• Balance: I didn't want to give up quite as much now (e.g., limited vacation) as I had thought. Especially if things were going to be slightly delayed.
  • Adaptation: Benefits at work have been curtailed a bit. Pension frozen as of early next year. Not a huge impact to me, but still, enough that I will rethink.

So my "plan" right now is that it will be a year or two longer than originally thought. That's ok. I'm comfortable with those decisions, and no doubt more will come along to require other adjustments.

Looks like you're finding the right balance for yourself. Enjoy the journey!
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Old 06-01-2016, 02:20 PM   #28
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Nothing creeped.
You chose.
The daughters did not come along. You made them.
You are in the driver seat of your life.
And each choice you make FOR something is a decision AGAINST something else.
Over time we all plan and revise plans.
The revised version often is better, more fulfilling, than the first draft.
Enjoy!
I did what you generally have done but it was pretty much what I expected rather than unexpected. We are empty nested now and will RE next year at 57.
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Old 06-02-2016, 01:40 AM   #29
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What I love about this thread is that people are not stuck on any particular cookie cutter retirement dogma. For most of us with finite means, it's really about coming up with your own solution based on your choices in life and how they fit against your own values. You can have anything in the world but not everything.
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Old 06-02-2016, 02:38 AM   #30
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Been there, done that and FIREing at 40 ended up FIREing at 47 (although both of us work part time for non-financial reasons).

We chose to have children and accepted the price tag that comes with them but managed to keep costs in other areas under control to some degree - downgraded holidays and never bought a car etc. We also found that household income rose quite nicely which helped a lot.
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Old 06-02-2016, 06:55 AM   #31
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Good for you. Life isn't a balance sheet exercise. Life is to be lived with intelligent money management as a component of a well lived life. It's a means to an end rather than an end unto itself.

A lot of people I know who are miserable at work have built a family lifestyle that makes losing their jobs a near term catastrophe. Make sure you have near term security and you will have greater career flexibility -- which is valuable both financially and emotionally

Enjoy the ride!

Both of these pieces of info are very wise.

My FIL and I were just discussing to always look for the back door exits first in any business situation. So true. So true.
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Old 06-02-2016, 10:42 AM   #32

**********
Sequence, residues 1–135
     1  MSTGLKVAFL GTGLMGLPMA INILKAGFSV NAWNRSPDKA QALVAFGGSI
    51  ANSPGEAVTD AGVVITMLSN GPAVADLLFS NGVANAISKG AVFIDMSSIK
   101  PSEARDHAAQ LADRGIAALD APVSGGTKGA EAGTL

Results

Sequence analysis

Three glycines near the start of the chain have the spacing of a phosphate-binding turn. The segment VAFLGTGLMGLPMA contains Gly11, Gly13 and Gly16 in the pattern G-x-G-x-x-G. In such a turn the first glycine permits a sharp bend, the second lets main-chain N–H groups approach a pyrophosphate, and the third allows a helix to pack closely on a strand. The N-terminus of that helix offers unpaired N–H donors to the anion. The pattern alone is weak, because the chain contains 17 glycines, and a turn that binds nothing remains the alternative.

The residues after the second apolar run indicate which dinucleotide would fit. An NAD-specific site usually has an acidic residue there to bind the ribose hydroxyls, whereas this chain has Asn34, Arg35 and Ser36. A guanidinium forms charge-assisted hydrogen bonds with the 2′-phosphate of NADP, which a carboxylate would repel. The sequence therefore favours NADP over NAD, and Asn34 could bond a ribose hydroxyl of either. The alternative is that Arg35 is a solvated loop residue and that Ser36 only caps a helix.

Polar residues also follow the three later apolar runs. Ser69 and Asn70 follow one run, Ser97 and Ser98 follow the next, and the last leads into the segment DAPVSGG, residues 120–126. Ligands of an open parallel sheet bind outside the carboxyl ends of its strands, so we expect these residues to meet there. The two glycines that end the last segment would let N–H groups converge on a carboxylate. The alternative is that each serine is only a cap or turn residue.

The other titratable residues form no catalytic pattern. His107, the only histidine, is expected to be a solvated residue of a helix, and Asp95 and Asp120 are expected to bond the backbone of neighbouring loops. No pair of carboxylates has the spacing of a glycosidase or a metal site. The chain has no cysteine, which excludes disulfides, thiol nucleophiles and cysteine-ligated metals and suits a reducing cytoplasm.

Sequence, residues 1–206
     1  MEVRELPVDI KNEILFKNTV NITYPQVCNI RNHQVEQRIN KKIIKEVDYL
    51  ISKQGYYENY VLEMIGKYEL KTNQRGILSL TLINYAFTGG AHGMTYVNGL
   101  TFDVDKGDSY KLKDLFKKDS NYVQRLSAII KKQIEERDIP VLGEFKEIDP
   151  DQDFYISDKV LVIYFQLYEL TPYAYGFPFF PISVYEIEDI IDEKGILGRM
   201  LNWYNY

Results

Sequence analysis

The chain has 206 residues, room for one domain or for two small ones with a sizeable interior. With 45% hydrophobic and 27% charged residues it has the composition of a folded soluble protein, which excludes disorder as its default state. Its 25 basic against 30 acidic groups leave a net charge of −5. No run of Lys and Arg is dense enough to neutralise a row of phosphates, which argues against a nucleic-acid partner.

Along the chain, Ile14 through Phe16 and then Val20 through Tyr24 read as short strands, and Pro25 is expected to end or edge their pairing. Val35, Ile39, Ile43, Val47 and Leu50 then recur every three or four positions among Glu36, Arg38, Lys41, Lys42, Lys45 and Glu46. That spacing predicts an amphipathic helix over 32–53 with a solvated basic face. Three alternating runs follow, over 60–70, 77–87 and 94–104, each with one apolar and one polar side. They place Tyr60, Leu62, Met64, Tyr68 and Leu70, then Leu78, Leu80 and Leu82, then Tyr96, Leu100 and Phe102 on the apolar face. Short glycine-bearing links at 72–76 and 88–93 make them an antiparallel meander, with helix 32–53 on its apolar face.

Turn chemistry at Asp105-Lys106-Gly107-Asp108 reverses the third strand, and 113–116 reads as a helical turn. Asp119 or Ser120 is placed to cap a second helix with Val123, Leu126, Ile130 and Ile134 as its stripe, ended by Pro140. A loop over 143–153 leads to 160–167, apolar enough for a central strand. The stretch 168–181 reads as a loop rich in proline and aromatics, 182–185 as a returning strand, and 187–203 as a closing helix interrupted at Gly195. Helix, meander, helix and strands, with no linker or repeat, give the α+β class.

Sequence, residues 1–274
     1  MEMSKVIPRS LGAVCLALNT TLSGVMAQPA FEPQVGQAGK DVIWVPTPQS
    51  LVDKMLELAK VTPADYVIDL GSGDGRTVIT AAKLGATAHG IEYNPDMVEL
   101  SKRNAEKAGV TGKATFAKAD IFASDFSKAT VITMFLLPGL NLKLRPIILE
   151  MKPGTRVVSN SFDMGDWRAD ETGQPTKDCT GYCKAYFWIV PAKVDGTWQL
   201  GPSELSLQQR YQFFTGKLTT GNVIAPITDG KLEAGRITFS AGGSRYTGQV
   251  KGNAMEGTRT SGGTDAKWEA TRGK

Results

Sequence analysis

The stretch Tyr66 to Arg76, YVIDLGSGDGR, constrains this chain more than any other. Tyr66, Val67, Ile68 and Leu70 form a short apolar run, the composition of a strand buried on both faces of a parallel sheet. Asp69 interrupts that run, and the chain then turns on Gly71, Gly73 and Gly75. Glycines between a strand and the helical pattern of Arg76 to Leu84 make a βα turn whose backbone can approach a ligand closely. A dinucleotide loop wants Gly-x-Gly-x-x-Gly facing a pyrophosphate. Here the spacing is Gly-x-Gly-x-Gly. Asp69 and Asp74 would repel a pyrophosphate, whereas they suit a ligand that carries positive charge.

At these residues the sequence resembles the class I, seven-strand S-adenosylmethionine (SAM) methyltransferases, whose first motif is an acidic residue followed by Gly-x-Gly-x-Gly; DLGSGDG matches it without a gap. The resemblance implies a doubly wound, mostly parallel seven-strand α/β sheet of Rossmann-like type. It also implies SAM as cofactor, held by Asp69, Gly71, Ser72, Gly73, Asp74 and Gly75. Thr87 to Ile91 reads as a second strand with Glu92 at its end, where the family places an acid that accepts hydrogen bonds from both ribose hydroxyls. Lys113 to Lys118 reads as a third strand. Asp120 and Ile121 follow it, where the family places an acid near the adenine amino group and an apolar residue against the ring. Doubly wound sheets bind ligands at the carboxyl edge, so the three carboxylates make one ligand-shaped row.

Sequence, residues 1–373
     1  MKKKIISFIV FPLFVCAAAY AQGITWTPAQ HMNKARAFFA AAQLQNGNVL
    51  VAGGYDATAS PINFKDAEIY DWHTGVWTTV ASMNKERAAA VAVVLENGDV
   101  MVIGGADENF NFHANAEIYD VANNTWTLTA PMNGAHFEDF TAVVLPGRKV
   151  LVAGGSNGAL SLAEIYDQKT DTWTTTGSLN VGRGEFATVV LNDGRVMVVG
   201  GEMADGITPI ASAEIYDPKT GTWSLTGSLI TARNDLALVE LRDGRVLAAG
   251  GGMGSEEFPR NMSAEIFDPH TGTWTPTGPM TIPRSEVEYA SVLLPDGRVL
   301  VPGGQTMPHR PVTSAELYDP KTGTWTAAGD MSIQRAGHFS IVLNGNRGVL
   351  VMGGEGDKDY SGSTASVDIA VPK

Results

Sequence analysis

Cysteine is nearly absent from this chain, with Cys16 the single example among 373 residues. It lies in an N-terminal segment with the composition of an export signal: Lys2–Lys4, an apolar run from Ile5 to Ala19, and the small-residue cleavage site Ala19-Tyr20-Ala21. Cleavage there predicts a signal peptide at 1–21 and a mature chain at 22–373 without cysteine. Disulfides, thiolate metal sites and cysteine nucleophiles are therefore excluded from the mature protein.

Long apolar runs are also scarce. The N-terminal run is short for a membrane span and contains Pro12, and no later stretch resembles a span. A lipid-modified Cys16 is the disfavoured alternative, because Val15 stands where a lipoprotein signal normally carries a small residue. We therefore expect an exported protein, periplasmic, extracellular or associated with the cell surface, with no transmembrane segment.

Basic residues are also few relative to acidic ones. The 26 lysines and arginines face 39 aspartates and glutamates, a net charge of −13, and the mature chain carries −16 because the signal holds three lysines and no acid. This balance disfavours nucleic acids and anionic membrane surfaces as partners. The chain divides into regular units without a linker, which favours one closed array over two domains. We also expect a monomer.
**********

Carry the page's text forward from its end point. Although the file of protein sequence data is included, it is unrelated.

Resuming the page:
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Wait until you get a second wife, it will cost even more and be FIRE at 70.
This is a really good comment. The point of a plan is just to be able to quickly assess the impacts of the many choices you are faced with. In my case, the second wife only took RE from 55 to 60.
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My FIL and I were just discussing to always look for the back door exits first in any business situation.
If you have no option open to you, then you will resent your current situation. I always had relationships with headhunters for exactly that. And FIRE made me realize the value of the DB Pension when compared to any of these other options.
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Old 06-02-2016, 11:22 AM   #33
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We make tradeoffs. Yes, retirement is important as is saving and investing for it. So I think it's foolish to not save for retirement, and to try to set aside part of your raises to put into IRAs and 401K/403Bs before you can be tempted to spend it and engage in "lifestyle creep".

That said, there is no guarantee we'll be around to enjoy the retirement we are saving for, or a guarantee that we will be healthy enough to enjoy the fruits of our deferred gratification. OTOH, we *know* we are here today, so it's OK to take some of it and enjoy it today as well! Sometimes a few indulgences today make it easier to put up with working life for a little while longer, too. Balance, folks. Balance!
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Old 06-02-2016, 11:29 AM   #34
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BTW Family of 4 could live very comfortably in 1500 square foot house IMO provided house is located in good school district.
Of course, a good school district tends to drive up the cost of the housing considerably....
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Old 06-02-2016, 11:31 AM   #35
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True on the school district but a small house will be cheaper then a bigger house and the taxes will be lower for the same school.